Observations of magnetite dissolution in poorly drained soils

David A. Grimley, Nancy K. Arruda

Research output: Contribution to journalArticlepeer-review


Dissolution of strongly magnetic minerals is a common and relatively rapid phenomenon in poorly drained soils of the central United States, resulting in low magnetic susceptibility (MS). Low Eh reducing conditions are primarily responsible for magnetic mineral dissolution; a process likely mediated by iron-reducing bacteria in the presence of soil organic matter. Based on transects across drainage sequences from nine sites, natural magnetic minerals (>5 μm) extracted from surface soil consist of 54% ± 18% magnetite, 21% ± 11% titanomagnetite, and 17% ± 14% ilmenite. Magnetite and titanomagnetite dissolution, assessed by scanning electron microscopy on a 0-to-3 scale, inversely correlates with surface soil MS (r = 0.53), a proxy for soil drainage at studied transects. Altered magnetite typically displays etch pits <1-μm diameter, whereas titanomagnetite exhibits a latticework pattern of alteration along planes of crystallographic weakness (<1-μm spacing). Ilmenite, containing solely ferrous iron, is unaffected by reducing conditions, portraying mainly smooth-textured grains. Magnetic fractions (>5 μm) include 26% ± 18% anthropogenic fly ash that also exhibits greater dissolution in low MS soils (r = 0.38), indicating detectable alteration can occur within 150 years in low Eh soils. Laboratory induced reduction of magnetite, titanomagnetite, and magnetic fly ash, with a citrate-bicarbonate- dithionite solution, resulted in dissolution textures similar to those of in situ soil particles. Although experiments indicate that reductive dissolution of magnetite can occur abiotically under extreme conditions, bacteria likely play an important role in the natural environment.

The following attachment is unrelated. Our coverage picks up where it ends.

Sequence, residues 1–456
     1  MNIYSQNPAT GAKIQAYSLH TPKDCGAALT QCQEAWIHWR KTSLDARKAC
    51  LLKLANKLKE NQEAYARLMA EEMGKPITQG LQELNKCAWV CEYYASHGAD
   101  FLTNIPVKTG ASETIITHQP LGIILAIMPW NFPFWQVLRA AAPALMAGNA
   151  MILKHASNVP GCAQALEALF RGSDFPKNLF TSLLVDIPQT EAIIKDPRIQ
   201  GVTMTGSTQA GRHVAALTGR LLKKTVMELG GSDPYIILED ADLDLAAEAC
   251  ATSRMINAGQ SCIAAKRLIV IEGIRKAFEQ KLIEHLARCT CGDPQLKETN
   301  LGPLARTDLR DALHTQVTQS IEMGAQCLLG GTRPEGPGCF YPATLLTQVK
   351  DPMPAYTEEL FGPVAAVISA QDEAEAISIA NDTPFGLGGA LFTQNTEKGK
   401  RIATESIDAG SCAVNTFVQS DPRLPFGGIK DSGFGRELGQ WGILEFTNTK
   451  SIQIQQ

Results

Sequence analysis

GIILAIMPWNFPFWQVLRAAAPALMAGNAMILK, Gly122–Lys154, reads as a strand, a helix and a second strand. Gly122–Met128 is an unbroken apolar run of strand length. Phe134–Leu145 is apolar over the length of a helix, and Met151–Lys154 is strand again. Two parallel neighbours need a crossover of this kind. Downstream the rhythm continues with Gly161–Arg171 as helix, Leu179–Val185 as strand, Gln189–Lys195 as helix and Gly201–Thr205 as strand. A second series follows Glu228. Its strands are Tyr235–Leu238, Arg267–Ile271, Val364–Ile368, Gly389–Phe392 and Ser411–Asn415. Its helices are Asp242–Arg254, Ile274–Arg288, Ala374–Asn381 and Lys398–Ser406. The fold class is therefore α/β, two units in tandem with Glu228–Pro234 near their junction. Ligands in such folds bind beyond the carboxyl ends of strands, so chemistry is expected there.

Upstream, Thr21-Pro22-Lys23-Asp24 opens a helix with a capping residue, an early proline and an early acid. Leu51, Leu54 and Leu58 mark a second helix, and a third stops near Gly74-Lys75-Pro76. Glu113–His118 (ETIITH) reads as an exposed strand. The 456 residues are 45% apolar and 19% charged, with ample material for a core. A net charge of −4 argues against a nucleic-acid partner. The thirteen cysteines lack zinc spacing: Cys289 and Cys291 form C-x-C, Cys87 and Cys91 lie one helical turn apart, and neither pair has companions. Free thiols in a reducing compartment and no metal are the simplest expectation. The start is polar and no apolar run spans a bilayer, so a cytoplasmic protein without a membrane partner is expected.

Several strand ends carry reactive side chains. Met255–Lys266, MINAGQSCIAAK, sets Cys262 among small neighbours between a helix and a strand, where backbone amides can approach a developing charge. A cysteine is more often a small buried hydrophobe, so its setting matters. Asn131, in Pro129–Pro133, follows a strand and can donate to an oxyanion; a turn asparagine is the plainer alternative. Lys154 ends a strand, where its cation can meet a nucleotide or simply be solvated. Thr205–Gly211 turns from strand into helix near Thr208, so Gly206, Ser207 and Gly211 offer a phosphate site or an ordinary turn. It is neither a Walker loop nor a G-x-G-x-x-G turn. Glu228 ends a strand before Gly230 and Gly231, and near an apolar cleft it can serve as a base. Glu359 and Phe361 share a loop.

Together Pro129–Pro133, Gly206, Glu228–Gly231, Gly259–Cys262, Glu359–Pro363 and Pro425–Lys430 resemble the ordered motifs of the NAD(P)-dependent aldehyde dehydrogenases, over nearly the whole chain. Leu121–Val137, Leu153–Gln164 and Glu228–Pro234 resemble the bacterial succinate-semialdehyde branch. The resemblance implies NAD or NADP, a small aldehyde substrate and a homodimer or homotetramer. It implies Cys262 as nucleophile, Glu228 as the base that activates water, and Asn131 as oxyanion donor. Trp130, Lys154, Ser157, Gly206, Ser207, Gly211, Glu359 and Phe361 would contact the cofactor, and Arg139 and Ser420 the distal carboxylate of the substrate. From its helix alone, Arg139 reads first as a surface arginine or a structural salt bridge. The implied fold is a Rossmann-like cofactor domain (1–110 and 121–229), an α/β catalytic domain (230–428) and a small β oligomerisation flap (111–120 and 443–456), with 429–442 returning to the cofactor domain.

Original languageEnglish (US)
Pages (from-to)968-982
Number of pages15
JournalSoil Science
Issue number12
StatePublished - Dec 2007


  • Dissolution
  • Fly ash
  • Ilmenite
  • Magnetite
  • Scanning electron microscopy

ASJC Scopus subject areas

  • Soil Science


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